- The majority of female suicide bombers are young, primarily between the ages of 17 and 24, however, the overall range in age for female suicide bombers is from 15-64.
- Female suicide bombers come from various educational, religious, social, and personal backgrounds.
- Education places a role, with the "more educated" females such as lawyers, paramedics, or students accounting for the greatest percentage of suicide attacks.
- Most tend to be of average economic status and are rarely impoverished.
- Some may be "dishonored" through sexual indiscretion, or unable to produce children.
- Some appear motivated by revenge or grief from losing husbands or children.
While their socioeconomic background and motivations may vary, one thing is clear. Terrorist groups have been more than happy to welcome female militants into the fold. Both Osama bin Laden and Egyptian radical cleric Yusuf al-Qaradawi have endorsed the recruitment of women to attack U.S. and Western interests. Even Hamas, which initially forbade the use of female operatives, sponsored female suicide attacks, acknowledging females suicide bombers as fellow martyrs.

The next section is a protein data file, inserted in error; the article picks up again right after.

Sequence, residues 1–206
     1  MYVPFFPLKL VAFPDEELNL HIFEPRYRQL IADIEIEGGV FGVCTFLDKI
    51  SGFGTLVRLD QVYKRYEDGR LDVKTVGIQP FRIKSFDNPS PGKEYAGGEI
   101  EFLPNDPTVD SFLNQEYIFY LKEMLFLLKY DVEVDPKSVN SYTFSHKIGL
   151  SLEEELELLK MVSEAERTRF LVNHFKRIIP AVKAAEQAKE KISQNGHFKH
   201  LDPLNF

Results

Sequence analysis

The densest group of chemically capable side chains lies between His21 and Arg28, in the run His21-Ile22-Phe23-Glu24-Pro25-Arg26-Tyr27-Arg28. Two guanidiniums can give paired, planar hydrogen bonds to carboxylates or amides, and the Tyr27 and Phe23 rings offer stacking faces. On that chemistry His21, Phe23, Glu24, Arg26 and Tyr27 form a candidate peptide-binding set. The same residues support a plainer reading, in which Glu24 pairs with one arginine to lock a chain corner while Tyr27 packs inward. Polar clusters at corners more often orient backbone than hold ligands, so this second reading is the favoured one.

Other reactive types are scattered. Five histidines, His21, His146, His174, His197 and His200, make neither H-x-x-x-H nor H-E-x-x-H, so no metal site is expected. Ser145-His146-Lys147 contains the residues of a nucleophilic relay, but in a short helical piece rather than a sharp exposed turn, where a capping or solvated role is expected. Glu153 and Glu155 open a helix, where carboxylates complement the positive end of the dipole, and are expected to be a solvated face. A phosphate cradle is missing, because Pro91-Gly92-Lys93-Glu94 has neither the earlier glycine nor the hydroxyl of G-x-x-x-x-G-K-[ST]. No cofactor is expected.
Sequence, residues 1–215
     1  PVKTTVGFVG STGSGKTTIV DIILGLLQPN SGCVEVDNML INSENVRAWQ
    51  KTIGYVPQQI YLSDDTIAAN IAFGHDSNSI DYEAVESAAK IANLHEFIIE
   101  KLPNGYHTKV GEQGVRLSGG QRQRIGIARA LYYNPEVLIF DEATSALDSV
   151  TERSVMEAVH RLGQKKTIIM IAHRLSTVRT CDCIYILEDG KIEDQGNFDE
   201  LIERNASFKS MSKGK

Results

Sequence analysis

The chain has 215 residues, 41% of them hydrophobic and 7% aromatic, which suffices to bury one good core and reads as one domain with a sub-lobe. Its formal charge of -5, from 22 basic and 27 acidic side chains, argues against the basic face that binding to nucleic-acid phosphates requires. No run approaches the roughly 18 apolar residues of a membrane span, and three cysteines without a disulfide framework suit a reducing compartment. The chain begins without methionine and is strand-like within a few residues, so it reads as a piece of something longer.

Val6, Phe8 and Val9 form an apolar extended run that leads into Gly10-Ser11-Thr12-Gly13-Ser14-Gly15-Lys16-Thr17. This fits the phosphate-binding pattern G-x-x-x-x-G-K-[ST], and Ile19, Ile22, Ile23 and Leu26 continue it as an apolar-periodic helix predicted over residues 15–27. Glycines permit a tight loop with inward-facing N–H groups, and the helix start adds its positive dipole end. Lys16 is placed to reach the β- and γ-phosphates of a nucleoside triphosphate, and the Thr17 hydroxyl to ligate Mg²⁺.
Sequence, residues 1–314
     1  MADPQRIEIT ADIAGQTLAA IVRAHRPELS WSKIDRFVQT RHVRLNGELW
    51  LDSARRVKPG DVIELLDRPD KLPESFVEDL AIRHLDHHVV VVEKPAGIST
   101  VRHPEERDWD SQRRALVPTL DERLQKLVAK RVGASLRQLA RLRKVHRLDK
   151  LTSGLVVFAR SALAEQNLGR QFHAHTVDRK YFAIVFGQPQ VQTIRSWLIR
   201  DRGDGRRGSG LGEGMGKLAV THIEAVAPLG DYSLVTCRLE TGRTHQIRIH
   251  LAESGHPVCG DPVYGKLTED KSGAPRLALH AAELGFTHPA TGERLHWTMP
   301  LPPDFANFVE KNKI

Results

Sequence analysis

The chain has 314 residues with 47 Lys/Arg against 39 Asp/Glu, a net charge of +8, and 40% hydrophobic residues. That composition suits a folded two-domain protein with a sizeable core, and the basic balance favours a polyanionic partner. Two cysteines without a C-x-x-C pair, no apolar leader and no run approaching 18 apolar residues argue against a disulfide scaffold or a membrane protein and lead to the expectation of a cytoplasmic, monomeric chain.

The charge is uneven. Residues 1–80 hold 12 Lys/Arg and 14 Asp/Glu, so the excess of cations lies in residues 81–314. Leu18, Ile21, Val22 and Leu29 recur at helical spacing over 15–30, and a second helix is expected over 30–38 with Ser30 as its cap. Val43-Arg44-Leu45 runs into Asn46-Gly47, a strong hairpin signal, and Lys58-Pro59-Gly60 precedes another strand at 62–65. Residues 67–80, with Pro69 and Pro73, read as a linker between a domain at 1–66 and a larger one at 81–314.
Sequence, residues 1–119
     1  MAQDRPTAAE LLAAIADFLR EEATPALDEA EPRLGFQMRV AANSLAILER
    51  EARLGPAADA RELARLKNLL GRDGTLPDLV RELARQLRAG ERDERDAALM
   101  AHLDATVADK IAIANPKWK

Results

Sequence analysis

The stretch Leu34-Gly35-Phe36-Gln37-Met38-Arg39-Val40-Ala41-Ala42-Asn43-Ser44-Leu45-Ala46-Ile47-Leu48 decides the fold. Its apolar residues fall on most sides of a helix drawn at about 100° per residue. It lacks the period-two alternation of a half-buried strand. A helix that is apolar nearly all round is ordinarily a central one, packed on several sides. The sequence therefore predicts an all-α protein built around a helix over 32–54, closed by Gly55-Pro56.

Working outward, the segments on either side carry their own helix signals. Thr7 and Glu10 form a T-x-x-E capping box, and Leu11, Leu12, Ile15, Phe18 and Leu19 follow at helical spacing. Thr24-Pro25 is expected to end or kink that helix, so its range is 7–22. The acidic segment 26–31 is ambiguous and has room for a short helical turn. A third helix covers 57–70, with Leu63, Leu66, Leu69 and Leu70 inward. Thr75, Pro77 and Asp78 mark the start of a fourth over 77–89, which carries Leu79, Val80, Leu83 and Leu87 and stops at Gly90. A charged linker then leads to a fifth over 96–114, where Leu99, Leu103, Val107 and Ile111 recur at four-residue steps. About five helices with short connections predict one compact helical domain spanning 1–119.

Female Terrorists Pose New Obstacles
With female suicide bombers becoming more and more common, it is important to realize that not only will females have different - or possibly greater - access to particular locations, but they will be able to conceal bombs in different ways. As the threat assessment explains:
"[T]he continued use of female suicide bombers indicates that terrorists judge this tactic as effective in increasing defenses and thwarting security measures, referring to the advantage that female suicide bombers have over male counterparts in their ability to conceal explosives as well as their capacity to approach their targets with less scrutiny."